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Research Article: Clinical Trial/Experimental Study

Efficacy and safety of Bacillus coagulans LBSC in irritable bowel syndrome

A prospective, interventional, randomized, double-blind, placebo-controlled clinical study [CONSORT Compliant]

Gupta, Anil Kumar PhD; Maity, Chiranjit PhD

Editor(s): Jayaraj., Mahendran

Author Information
doi: 10.1097/MD.0000000000023641


1 Introduction

Irritable bowel syndrome (IBS) is a chronic gastrointestinal disorder characterized by severe abdominal pain and/or discomfort associated with changes in bowel frequency and/or stool consistency. It is the most commonly diagnosed functional gastrointestinal disorder (FGID) accompanied with recurrent abdominal pain for at least 1 day per week in previous 3 months and associated with pain/discomfort during defecation (Rome IV criteria).[1–3] IBS classes such as diarrhea-predominant (IBS-D), constipation-predominant (IBS-C), mixed bowel habits (IBS-M), and un-subtyped (IBS-U) have been defined based on the stool pattern.[4]

Global prevalence of IBS is estimated to 15% to 45% of general population of all age group.[5] Meta-analyses revealed that IBS is more common among women than men (2:1) and mostly starts in early adulthood.[6] Many scientific groups recognized that compromised gut microbiome, small-bowel bacterial overgrowth (SIBO), altered gut motility, mucosal inflammation, visceral hypersensitivity, and impaired neuro-endocrinal communications could be the underlying etiology for IBS pathogenesis.[4,7]

Current treatments of IBS majorly include dietary [low in fermentable oligosaccharides, disaccharides, monosaccharides, and polyols (FODMAPs)] and antibiotic interventions.[8–10] A low FODMAP diet is however controversial due to inherent limitations like dietary restrictions, required close monitoring by an expert dietitian, potential nutritional deficiencies, reduction in gut microbiota diversity, lack of predictors of response, dearth of alternative dietary, pharmacological and psychological interventions for IBS.[11] Compared to FODMAPs intervention, antibiotic treatment is more common practice for treating IBS; however, few clinical reports highlighted the significant association of antibiotic use with increased risks of IBS.[12,13] Use of antibiotics promotes horizontal gene transfer (hgt) and confers antibiotic resistance to otherwise sensitive microorganisms.[14] Broad-spectrum antibiotics such as beta-lactam, cephalosporin, and macrolide are known to either eliminate or alter gastrointestinal microbiota; narrowing in microbial diversity which has a magnitude of adverse impacts on IBS.[15,16]

Numerous studies have described the mechanism of IBS onset as a shift from “normal and healthy” gut to “dysbiosed and unhealthy” gut where gut microbial community plays a pivotal role.[17–19] Healthy microbiome-modulated intestinal homeostasis is therefore a fundamental therapeutic paradigm where probiotics could offer promising healthcare solution for IBS.[20] Probiotics are live bio-therapeutics[21] which offer promising route for treating various gastrointestinal ailments like diarrhea, indigestion, nutrient malabsorption, SIBO, inflammatory bowel disease (IBD), ulcerative colitis, Crohn's disease, etc, without a risk of spreading antibiotic resistance in microorganisms.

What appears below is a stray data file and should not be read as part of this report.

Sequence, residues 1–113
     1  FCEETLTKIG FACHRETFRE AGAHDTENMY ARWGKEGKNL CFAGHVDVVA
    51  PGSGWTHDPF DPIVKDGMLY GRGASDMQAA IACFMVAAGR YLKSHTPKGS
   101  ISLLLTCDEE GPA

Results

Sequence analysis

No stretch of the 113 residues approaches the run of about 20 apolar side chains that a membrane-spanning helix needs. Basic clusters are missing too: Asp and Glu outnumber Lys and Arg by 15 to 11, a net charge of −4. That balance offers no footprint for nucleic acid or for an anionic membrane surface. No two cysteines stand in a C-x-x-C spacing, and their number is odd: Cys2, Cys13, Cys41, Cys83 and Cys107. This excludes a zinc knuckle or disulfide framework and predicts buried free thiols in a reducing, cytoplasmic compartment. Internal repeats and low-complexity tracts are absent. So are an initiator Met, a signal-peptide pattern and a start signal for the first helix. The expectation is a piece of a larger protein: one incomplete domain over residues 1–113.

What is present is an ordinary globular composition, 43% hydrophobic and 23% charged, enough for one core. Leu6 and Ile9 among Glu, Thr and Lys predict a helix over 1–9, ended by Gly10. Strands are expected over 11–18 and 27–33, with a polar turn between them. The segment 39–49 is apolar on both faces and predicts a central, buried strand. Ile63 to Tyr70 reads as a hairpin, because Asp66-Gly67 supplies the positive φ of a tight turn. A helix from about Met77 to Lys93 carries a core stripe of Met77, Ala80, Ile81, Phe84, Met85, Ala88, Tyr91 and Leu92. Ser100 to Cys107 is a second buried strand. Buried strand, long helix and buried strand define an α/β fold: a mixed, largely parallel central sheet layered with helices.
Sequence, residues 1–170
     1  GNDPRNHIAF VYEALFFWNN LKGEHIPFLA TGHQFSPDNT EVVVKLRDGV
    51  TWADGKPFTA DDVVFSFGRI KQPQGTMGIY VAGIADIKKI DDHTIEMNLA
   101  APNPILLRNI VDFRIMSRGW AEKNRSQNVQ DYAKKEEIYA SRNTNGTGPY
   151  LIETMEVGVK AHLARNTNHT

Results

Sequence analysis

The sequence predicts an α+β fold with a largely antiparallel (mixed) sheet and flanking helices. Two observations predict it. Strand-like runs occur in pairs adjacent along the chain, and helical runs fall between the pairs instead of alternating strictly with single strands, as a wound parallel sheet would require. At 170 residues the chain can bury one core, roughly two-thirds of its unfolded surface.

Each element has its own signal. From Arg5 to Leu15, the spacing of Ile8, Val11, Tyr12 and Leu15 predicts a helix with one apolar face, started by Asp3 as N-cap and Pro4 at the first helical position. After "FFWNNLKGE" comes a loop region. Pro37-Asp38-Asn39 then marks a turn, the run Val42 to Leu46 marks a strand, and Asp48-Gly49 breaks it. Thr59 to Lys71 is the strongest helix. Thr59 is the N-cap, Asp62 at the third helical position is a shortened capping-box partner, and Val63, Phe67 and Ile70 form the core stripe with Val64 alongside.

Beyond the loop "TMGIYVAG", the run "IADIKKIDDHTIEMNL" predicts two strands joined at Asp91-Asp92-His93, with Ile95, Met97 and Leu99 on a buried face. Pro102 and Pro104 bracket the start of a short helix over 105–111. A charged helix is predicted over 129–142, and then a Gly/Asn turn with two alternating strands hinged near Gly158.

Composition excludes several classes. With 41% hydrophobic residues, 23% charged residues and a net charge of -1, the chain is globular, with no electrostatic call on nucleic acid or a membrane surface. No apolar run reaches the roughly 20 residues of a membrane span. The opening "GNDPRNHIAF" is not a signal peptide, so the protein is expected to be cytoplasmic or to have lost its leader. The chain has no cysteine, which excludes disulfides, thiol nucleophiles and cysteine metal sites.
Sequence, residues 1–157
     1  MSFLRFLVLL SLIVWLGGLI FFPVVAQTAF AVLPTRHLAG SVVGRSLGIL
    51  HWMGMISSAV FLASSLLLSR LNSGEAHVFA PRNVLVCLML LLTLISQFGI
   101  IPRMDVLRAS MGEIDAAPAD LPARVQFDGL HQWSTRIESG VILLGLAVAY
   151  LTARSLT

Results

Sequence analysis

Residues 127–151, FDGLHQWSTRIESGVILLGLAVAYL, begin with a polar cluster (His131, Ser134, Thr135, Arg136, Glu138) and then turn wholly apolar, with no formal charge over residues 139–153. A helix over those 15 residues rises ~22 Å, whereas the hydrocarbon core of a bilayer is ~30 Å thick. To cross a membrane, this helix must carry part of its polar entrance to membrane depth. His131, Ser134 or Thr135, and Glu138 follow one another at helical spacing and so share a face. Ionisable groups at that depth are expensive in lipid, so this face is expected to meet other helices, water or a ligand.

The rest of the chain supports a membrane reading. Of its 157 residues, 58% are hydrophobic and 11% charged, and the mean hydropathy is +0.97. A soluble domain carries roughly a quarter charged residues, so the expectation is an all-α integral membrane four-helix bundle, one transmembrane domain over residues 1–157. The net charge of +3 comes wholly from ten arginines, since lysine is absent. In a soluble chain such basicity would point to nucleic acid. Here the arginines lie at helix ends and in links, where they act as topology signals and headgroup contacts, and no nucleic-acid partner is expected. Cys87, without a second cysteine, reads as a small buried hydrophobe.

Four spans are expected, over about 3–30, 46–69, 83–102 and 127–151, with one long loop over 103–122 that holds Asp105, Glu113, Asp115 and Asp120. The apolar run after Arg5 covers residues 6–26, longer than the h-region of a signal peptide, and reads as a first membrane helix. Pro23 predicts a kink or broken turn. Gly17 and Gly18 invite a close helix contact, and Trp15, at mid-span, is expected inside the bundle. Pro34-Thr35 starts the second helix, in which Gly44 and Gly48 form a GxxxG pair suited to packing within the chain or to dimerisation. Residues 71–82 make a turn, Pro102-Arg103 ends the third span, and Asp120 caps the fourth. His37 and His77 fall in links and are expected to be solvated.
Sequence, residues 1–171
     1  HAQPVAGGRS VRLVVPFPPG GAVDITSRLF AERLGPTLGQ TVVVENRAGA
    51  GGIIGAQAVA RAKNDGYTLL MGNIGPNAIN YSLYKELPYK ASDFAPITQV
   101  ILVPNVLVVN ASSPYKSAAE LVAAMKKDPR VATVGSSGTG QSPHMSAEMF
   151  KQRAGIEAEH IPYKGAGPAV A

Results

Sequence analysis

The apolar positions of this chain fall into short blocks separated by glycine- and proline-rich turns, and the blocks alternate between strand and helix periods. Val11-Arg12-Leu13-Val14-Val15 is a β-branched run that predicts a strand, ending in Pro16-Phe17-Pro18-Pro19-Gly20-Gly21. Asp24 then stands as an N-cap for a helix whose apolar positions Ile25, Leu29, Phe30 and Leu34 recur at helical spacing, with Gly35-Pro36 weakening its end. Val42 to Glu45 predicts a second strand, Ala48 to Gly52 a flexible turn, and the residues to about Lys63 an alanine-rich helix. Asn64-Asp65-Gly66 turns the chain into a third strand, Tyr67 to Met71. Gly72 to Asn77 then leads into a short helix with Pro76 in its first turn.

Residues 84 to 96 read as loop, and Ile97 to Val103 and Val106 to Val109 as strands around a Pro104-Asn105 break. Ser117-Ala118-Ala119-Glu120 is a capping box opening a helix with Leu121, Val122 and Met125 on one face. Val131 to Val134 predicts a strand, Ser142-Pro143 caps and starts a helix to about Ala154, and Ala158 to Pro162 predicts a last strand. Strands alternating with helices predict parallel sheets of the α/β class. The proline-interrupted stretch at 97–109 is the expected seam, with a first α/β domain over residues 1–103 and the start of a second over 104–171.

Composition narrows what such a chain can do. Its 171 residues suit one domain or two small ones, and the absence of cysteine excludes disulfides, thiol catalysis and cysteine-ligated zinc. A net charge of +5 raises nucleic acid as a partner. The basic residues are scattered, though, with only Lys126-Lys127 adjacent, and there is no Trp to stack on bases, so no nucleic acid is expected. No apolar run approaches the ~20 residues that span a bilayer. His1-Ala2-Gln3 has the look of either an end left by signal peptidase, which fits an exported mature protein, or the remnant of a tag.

The systematic interventions of lactic acid-producing Bacillus probiotics are well documented in different community-based meta-analysis and ensued significant reduction of IBS symptoms, especially by a monoculture or mixed culture probiotic formulations. The lactic acid-producing Bacillus probiotics, like, Lactobacillus acidophilus, Lactobacillus rhamnosus, Lactobacillus paracasei, Bifidobacterium longum, Bifidobacterium lactis, Streptococcus thermophillus, Bacillus coagulans are mainly included in the formulations.[22] Among all, Bacillus coagulans is determined as a commonly used heterolactate live biotherapeutic for various gastrointestinal disorders including IBS.[23]

Strains of B coagulans are spore-former and widely studied probiotic for production of antimicrobials like coagulin and lactosporin, immune-modulation and modulation of gut microbiome.[24] The naturally encapsulated coating around the cell protects it from various drought conditions like high temperature, desiccation, osmolarity, etc. This highly resilient allochthonous probiotic can survive and proliferate in gastric acid, pepsin, pancreatin, ions, digestive enzymes, bile, and mucin of gastrointestine.[25] The efficacy of probiotic B coagulans varies among strains; differs as per dosages used in finished formulations and severity of clinical conditions to exhibit the intended health benefits.[26]